The lighthouse

The first lighthouse was built in England near Plymouth back in the 17ths. It was built in wood. Its builder, a man called Winstanley, was very proud of it. He used to say “it is the lighthouse of Winstanley, the best architect in England.” Even more, he inscribed it on it.

One night, a strong storm came. Huge waves hit the lighthouse until it fell down. The lighthouse with its inscription was totally destroyed by the waters.

Years later, the city asked another architect to build a new lighthouse. The name of the architect was Smeaton. He made it with granite. He also put an inscription on it: if the Lord does not build the house, in vain do its builders labor (Ps 127). It lasts until now.

This simple anecdote can help us to understand the positive aspect of humility. Because, when we think of humility, we usually focus on the negative aspect of it. Using the example of the anecdote, we must not be proud of what we do like the first architect, since thanks the Lord we were able to do it.

However, humility implies much more than that. Humility is a positive virtue that helps us to build our life firmly and solidly like the second lighthouse. That is, humility means not only to reject temptations of pride but also and above all to build our “spiritual building”. Because as St. Augustine says: humility is the basement in our spiritual life.

How do we do this? When St. Thomas asks “Whether twelve degrees of humility are fittingly distinguished in the Rule of the Blessed Benedict?” He answers yes. And he says that the three last degrees of humility imply three positive things: following one’s superior will; judging according to one’s superior judgment and not backing down from the hard and rough things.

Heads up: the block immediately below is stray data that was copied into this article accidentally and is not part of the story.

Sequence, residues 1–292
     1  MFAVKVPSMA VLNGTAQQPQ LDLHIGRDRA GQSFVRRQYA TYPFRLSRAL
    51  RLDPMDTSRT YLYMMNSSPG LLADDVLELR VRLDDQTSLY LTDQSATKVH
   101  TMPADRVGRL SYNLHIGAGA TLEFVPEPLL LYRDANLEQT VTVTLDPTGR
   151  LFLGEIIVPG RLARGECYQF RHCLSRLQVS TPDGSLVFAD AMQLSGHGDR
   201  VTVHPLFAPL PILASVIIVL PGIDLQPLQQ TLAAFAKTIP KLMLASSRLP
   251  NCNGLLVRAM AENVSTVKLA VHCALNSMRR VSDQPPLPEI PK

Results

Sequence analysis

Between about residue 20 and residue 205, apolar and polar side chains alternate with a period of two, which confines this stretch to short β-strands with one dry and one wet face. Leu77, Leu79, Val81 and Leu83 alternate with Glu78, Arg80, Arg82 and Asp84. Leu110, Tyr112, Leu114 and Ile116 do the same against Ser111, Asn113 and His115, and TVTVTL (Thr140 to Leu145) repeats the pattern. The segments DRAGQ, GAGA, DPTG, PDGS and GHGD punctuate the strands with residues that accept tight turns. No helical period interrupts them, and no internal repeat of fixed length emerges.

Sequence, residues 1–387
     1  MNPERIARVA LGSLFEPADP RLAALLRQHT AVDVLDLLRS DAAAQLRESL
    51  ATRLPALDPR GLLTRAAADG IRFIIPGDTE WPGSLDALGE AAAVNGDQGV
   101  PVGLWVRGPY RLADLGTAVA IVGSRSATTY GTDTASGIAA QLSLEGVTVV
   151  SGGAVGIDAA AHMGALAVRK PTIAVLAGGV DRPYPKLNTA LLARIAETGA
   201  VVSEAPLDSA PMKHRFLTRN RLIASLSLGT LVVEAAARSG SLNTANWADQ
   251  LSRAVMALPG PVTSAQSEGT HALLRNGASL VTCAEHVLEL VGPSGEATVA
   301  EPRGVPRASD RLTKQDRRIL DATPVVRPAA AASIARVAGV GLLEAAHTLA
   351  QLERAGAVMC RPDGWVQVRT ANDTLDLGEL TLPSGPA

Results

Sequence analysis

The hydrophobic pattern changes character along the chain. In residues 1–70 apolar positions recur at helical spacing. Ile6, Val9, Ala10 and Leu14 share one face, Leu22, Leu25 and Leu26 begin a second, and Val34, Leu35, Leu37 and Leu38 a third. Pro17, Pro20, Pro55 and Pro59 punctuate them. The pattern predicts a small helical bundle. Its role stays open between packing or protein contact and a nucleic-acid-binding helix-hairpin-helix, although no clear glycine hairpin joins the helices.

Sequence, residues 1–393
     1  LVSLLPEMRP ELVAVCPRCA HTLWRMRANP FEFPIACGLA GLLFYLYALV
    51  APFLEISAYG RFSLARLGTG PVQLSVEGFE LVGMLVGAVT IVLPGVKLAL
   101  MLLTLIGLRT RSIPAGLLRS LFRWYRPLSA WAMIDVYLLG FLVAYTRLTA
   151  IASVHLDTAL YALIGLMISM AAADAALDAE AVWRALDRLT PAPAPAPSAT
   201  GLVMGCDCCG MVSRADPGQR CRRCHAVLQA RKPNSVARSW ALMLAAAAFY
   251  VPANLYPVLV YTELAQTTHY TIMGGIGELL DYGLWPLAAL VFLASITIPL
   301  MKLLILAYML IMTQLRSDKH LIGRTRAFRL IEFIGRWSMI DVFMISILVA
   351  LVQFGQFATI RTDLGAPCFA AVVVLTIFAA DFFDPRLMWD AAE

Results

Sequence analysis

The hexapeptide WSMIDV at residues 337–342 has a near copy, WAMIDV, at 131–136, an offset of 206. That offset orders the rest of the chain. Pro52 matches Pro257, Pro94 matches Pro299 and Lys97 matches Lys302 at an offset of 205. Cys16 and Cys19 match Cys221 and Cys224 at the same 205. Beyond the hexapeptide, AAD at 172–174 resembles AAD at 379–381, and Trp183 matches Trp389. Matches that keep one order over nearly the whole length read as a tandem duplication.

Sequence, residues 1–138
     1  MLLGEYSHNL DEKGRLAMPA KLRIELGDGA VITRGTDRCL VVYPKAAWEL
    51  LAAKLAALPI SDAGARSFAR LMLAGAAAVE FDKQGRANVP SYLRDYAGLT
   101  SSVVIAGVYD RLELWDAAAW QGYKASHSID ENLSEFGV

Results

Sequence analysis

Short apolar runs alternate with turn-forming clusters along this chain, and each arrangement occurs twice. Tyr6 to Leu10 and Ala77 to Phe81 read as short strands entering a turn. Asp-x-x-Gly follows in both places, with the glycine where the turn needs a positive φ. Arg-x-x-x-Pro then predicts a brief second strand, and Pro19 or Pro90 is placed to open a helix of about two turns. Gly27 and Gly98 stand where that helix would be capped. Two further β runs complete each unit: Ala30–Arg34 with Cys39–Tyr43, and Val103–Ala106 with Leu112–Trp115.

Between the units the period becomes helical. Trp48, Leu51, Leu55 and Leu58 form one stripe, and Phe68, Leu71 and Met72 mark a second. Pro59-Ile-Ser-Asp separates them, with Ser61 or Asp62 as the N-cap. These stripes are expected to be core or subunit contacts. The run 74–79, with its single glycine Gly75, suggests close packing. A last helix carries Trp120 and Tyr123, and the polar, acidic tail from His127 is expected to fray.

In fact, it is what Jesus did when He humbled himself, becoming obedient to death, even death on a cross (Php 2:8). He did this three positive acts of humility: He did not follow His judgment: Though he was harshly treated, he submitted and opened not his mouth; like a lamb led to the slaughter or a sheep before the shearers, he was silent and opened not his mouth (Isa 53:7). He did not follow His Will: yet not My will, but Yours be done (Luk 22:42). He did not back down from the cross although it was hard and rough for Him: I am troubled now. Yet what should I say? ‘Father, save me from this hour’? But it was for this purpose that I came to this hour. Father, glorify your name (John 12:27-28).             So, if we want to grow in our spiritual life, we need to work in this virtue and in order to do this, we must judge according to God; we must want God’s Will and we must accept daily crosses.

Daily homily


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